MicroRaman (µRaman) spectroscopy is often regarded as a non-destructive technique, utilized to analyze limited materials, both terrestrial and extraterrestrial. Carbonaceous chondrite meteorites are of particular interest but they are dark (low albedo) materials, and thus absorb the majority of incident visible light. Raman excitation lasers can induce considerable localized heating, even when low laser powers are used. It has been previously suggested to utilize low power lasers of =0.4 mW to minimize damaging carbonaceous samples in several fields, including Meteoritics, Geology, Chemistry, and Paleontology. Peak Metamorphic Temperatures (PMT) experienced by the meteorite can be estimated from Raman fitting parameters related to the Graphitic (G) and Disordered (D) carbon bands for carbonaceous material; such Raman thermometers are assumed to be highly reproducible and non-destructive, making them advantageous for the analysis of small, precious samples. We performed Raman analyses of Murchison (CM2), Allende (CV3), Tagish Lake (C2), and Jbilet Winselwan (CM2) meteorites with an excitation wavelength of 514.5 nm and varying irradiances. We show that the derived band positions and widths utilized to characterize PMT from Raman spectra are highly sensitive to the power of the excitation laser used with permanent changes observed even for the lowest laser power used in this study (0.15 mW coupled to a 20x magnification objective). In addition, we evidence different types of damage, whereby low irradiances can cause enough heating that some small, volatile organics are removed, and high irradiances cause the destruction of weak bonds in the Kerogen-like organic matrix. These effects imply that typical Raman instrument's lowest power settings damage the sample, at minimum by heating the sample and changing the thermometry, but also likely by changing the total amount of organics present, which may cause significant variations in the derived PMTs reported across different laboratories or over repeated irradiation of the same sample.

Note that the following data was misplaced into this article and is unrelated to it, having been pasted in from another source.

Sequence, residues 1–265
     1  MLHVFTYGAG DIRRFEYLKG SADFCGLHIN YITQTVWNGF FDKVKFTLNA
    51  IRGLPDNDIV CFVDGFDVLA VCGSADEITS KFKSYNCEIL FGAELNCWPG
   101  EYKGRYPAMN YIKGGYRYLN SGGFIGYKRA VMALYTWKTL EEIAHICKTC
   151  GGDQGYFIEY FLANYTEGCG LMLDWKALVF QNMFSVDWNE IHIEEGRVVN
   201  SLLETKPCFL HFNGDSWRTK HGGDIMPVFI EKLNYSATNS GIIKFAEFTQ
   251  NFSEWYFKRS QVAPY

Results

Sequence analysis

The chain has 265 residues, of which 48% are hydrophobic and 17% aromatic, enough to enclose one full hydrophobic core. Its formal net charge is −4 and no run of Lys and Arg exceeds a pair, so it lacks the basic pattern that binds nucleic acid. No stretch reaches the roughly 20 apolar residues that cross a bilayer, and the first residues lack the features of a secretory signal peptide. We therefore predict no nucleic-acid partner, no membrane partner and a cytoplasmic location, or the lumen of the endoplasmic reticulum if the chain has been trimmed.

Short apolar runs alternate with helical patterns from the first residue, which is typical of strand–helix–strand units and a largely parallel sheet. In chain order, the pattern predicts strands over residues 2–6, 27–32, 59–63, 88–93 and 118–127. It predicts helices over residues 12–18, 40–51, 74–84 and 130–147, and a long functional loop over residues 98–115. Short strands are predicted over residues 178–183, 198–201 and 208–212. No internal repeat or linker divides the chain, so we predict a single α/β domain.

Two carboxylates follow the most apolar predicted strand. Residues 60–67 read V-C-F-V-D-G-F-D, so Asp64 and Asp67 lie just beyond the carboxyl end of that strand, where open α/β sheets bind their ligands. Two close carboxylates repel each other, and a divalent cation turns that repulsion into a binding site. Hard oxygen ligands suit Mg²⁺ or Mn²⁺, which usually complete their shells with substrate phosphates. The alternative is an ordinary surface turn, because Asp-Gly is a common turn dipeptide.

If this is your thesis or dissertation, and want to learn how to access it or for more information about readership statistics, contact us at STARS@ucf.edu

Graduation Date





Britt, Daniel


Master of Science (M.S.)


College of Sciences



Degree Program

Physics; Planetary Sciences




CFE0009009; DP0026342





Release Date

May 2023

Length of Campus-only Access

1 year

Access Status

Masters Thesis (Open Access)

Included in

Physics Commons